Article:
Milorad Dodik, the President of the Bosnian Serb entity, said on Tuesday that the unity of his Republika Srpska and neighbouring Serbia was a national idea of the 21st century.
He added that one of the things that should be said was that the unity of RS and Serbia should be achieved.
He was speaking in Banja Luka, the entity’s capital, at the opening of the International Conference on Jasenovac (the Croatian Ustashas’ concentration camp during the World War II).
“As much as somebody doesn’t like it, or may be offended by it, it is the Serbian national idea of this century, not of this or the next year. It raises many eyebrows, but that is our historic right,” Dodik said.
He added that he wanted to see that happening, but that it might not be the case in his lifetime, though he believed it would eventually.
Dodik has been persistent in saying that his entity and Serbia should be a joint state, regardless of Belgrade’s officials say it would always honour the 1995 Dayton Agreement, which stopped the war in Bosnia and divided the country into two entities, Bosnia’s Federation comprising Bosnian Croats’ and Bosniaks’ dominated territories, and Serb dominated RS.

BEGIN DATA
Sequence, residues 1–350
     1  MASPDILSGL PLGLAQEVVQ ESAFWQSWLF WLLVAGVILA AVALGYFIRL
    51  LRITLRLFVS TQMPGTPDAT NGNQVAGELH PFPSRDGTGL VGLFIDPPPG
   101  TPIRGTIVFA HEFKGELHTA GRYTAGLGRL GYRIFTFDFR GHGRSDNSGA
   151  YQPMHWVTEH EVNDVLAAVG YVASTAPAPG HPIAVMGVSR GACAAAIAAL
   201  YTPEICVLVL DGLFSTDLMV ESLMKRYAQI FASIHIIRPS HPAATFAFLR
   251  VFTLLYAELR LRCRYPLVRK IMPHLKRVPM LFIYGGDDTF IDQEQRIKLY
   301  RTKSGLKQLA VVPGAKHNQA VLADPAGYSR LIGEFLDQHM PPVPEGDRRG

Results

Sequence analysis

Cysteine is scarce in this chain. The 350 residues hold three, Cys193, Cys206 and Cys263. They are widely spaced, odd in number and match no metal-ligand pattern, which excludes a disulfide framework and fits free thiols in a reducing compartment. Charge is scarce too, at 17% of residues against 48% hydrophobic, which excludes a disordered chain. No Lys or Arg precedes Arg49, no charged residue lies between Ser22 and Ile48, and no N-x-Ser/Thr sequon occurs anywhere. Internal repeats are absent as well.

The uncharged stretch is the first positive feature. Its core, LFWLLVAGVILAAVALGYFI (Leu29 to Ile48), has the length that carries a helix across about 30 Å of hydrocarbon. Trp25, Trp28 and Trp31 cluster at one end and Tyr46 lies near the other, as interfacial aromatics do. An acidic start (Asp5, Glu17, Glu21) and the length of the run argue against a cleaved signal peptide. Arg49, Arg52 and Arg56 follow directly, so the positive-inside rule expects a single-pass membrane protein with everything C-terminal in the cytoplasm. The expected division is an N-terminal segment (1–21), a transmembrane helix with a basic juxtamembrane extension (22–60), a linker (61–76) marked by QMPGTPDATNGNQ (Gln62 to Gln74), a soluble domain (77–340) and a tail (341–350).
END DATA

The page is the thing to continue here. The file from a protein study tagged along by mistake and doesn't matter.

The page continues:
Dodik maintains that the Dayton Bosnia and Herzegovina is not a functional state. He finds allies in some Bosnia’s Croat officials who would in fact like to form the third entity, dominated by them since they see it unfair that the Serbs have one and they don’t.
Dodik and Bosnia’s Croat leader Dragan Covic said earlier this month they would join forces after the three-member Presidency election in October in which both of them said they would take part.
The international community which has been playing a dominant role in post-war country and remains there to preserve the Dayton Bosnia and Herzegovina.